The Mayor has launched a political campaign against violent crime, but as you can clearly see in the data, this is complete rubbish and is in no way based on reality.
This would be a true journalistic, fact-checked way to report this.
And then you should say: "In other news, here are some articles based on actual real-world issues" ... thus refusing to write any more about it. Nor should you interview someone else to get 'both sides', that just polarizes the issues, it doesn't establish facts.
In other words, we must teach the bad people that if they try to promote issues that are not based on reality, we are not going to help them by focusing on those topics, instead, we are going to starve them of any focus from the media. And you can see in the graph above how important it is that we start to do this.
To put it simply, we need to pivot to reality!
As you most likely have already heard (since it happened more than a week ago), Facebook is reducing its focus on news (again), and has started to end its news partnership with US publishers.
I wasn't planning to write about this, but I have been asked several times what this means for the future. So, let's cover this very briefly.
From a trend perspective, nothing has changed here. We have seen for a very long time that social media and news really don't work well together. I'm not talking about the tech companies, I'm talking about consumption and the public. And what the public is telling us is that they really don't like the idea of having their places of leisure and breaks to be filled up with stories that make them feel depressed.
What I mean is that exactly the same elements that drive people towards news avoidance are also what drive people away from social channels ... in fact, the effect is even stronger on those channels.
So things like politics, negativity, excessive volume, stories that have low relevance, and stories that lead to uncomfortable comments all drive people away from following the news on social channels. And, as long as people see us that way, it doesn't matter what Facebook is doing.
Facebook knows this too, which is why they have been reducing their news focus for quite a while now. In fact, Facebook is having a bit of a panic attack, where they are desperately trying to get people to engage with them. So they are trying to copy TikTok, and doing all kinds of things ... including minimizing those things that cause them problems. And, unfortunately, one of those things is news.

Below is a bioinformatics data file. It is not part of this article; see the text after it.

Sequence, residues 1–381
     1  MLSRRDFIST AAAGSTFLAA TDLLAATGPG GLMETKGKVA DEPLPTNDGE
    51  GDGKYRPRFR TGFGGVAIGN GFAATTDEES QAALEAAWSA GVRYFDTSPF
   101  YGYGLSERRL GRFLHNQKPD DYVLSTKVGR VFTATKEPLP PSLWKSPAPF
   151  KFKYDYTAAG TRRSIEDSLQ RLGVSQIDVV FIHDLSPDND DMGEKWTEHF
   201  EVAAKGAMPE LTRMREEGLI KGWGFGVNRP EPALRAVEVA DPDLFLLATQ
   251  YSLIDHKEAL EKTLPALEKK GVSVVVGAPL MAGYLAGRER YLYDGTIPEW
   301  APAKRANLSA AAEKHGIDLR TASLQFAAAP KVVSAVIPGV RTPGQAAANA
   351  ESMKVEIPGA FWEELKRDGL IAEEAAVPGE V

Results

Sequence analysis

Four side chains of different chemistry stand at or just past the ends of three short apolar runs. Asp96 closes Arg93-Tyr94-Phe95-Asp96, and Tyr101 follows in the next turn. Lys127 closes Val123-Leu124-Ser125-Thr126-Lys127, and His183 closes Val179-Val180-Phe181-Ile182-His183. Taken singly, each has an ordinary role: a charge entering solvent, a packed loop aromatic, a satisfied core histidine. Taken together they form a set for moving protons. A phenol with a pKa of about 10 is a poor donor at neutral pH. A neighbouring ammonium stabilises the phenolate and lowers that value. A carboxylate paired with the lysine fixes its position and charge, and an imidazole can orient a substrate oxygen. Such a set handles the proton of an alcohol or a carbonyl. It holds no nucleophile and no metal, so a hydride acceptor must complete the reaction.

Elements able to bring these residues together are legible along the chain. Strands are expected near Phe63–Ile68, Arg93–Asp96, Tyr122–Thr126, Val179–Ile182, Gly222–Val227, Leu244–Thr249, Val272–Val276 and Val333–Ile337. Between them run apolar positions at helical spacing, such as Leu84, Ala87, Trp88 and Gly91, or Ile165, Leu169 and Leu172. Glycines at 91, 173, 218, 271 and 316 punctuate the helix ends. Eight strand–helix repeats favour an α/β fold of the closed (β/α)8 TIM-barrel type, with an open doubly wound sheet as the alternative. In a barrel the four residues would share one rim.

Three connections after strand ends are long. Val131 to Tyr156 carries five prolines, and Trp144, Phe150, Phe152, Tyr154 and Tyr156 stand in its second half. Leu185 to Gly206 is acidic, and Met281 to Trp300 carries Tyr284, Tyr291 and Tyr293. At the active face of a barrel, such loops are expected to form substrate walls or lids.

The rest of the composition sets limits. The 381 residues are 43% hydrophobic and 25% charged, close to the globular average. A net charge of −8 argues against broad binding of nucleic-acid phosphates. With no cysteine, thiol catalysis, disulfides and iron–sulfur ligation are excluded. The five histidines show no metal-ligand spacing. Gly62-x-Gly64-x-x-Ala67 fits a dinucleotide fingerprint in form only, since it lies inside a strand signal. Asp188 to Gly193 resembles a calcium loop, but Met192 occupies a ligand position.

Mind you, I'm not trying to defend Facebook here. I'm just pointing out that all of this is entirely predictable.
And so the future strategy is the same as what I have been saying for years, being that publishers should instead focus on changing the value of the journalism they produce, and focus on getting people to connect directly.
Facebook is not a news channel. At best, it's a marketing channel, and at worst, it's mostly just a distraction from a news perspective.
But what about TikTok?, you ask. Well, here we see the same problem. TikTok is fundamentally an entertainment channel. It's a place where people go to watch something interesting, inspiring, uplifting, or just plain fun.
And so, unless we dramatically change our journalistic focus, people are not going to like watching news on TikTok either.
In fact, when we look at the data, TikTok for news is insignificant. I wrote about this in my previous newsletter. When we look at the latest data from Ofcom (UK), we see that the percentage who say they follow news on TikTok is so miniscule that it's not really relevant.
So, my advice to you is the same as always. When people use social media, they are in a very specific type of moment. We can try to tap into that by thinking about those channels as marketing channels, but they are not news distribution channels.
There are ways we can change this, but that requires a change in our journalistic focus. We need to be far more solution-based so that our videos and posts feel empowering to people.
However, I also want to remind you to be extremely mindful of the metrics. On TikTok, a view is counted the second any video starts playing, and again for every time a video loops, and if people come back later and watch the same video multiple times.
When you see a video that has 1,000,000 views, that doesn't mean it was watched by one million people, it doesn't even mean people watched the full video. It's a massively over-inflated metric (one of the worst metrics in the business).
Just be mindful of this. Measure the actual outcomes instead.
If you haven't seen them already, don't miss out on the 'known to work' series, where I talk about the things we know work for publishers.
Also, remember that while this newsletter is free for anyone to read, it's paid for by my subscribers to Baekdal Plus. So if you want to support this type of analysis and advice, subscribe to Baekdal Plus, which will also give you access to all my Plus reports (more than 300), and all the new ones (about 25 reports per year).
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"Thomas Baekdal is one of Scandinavia's most sought-after experts in the digitization of media companies. He has made himself known for his analysis of how digitization has changed the way we consume media."